Mount Everest, located in the Himalayas of Southern Asia, is the highest mountain in the world, reaching 29,035 feet (8,850 meters). Its climate is extreme with temperatures at the peak never rising above freezing. Imagine spending more than two months of your life trekking across stretches of ice that shift and crumble beneath you, balancing above 1,000-foot-deep crevasses, and climbing vertical stretches while microwave-size chunks of rock and ice fall around you, all in a attempt to reach the highest ground on earth.
     Now, imagine attempting such a feat without being able to see where your feet will step next or the obstacles that lay in your path. That's exactly what 33-year-old Erik Weihenmayer, who has been blind since he was 13, started out to do in March of 2001 with the help of expert mountain guide Michael O'Donnell.

 


 

An accomplished mountain climber, Erik had been conquering arduous summits such as Denali, Kilimanjaro in Africa, and Aconcagua in Argentina since his early 20's. But, tackling Mount Everest was only a dream until Erik met 47-year-old Pasquale Scaturro, a veteran of seven Himalayan expeditions, at a sportswear tradeshow in Salt Lake City, Utah.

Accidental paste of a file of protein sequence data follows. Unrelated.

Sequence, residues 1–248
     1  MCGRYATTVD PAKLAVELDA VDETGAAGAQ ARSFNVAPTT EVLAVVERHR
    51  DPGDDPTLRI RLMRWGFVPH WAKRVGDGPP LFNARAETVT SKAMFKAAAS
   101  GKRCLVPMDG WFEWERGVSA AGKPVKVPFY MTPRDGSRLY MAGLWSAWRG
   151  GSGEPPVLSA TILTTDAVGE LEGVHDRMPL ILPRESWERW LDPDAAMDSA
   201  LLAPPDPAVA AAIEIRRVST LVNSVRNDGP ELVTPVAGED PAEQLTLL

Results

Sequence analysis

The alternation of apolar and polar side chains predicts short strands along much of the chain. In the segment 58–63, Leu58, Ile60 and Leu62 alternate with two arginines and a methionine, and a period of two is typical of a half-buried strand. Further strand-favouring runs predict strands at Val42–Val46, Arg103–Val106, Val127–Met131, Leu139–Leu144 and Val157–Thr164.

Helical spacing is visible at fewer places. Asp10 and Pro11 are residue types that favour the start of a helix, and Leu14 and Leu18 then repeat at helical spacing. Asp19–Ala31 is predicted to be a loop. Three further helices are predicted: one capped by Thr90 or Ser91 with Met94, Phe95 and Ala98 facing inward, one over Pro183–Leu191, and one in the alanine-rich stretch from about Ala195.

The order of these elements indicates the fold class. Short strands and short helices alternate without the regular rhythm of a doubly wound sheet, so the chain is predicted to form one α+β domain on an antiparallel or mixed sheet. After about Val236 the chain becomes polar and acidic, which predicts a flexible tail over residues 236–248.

Pasquale convinced Erik that he could make history by becoming the first blind climber to reach the peak of Mount Everest, turning his dream into a reality. Together, Pasquale and Erik assembled a world-class team of 19 climbers who would each attempt to scale the peak. In order to tackle Mount Everest, Erik knew he not only needed to assemble a skilled team of climbers to guide him up the mountain, but a solid plan of action as well. That's where Michael O'Donnell, technical climbing expert, entered the picture.

 

 

On May 25, 2001, after nearly 3 months of painstaking and grueling climbing, each of the exhausted 19 team members had achieved their ultimate goal - to climb the highest mountain on earth! And together, they made history.
      Not only was their team the first to include a blind climber, but it also included 64-year-old Sherman Bull, the oldest man to ever reach the summit of Mount Everest. Bull made the climb with his son Brad, making the pair the second father-son team to ever make the ascent. Ordinarily an Everest expedition considers itself fortunate to have two or three team members make it to the top - the group had 19!

 
  "To the ones who had a notion, a notion deep inside, that
it ain't no sin to be glad you're alive..."
Badlands, Bruce Springsteen

"Do the thing you fear the most.."
Eleanor Roosevelt

 

 


 
 


     

 

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Michael O'Donnell
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